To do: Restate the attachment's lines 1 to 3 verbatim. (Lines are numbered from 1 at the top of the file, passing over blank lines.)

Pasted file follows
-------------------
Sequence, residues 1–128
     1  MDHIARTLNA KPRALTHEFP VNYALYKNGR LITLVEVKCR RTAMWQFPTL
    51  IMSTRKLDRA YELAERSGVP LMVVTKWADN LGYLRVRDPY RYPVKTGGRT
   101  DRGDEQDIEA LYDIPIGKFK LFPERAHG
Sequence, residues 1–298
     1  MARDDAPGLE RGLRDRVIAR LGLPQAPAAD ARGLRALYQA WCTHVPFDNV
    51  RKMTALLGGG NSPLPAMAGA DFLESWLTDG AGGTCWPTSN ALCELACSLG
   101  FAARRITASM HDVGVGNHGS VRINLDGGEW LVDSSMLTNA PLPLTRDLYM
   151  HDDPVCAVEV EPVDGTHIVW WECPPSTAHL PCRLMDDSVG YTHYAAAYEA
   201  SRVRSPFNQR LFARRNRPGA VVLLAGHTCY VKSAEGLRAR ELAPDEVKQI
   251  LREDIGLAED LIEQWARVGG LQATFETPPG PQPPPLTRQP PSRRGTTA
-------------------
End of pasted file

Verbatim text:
Sequence, residues 1–128
     1  MDHIARTLNA KPRALTHEFP VNYALYKNGR LITLVEVKCR RTAMWQFPTL
    51  IMSTRKLDRA YELAERSGVP LMVVTKWADN LGYLRVRDPY RYPVKTGGRT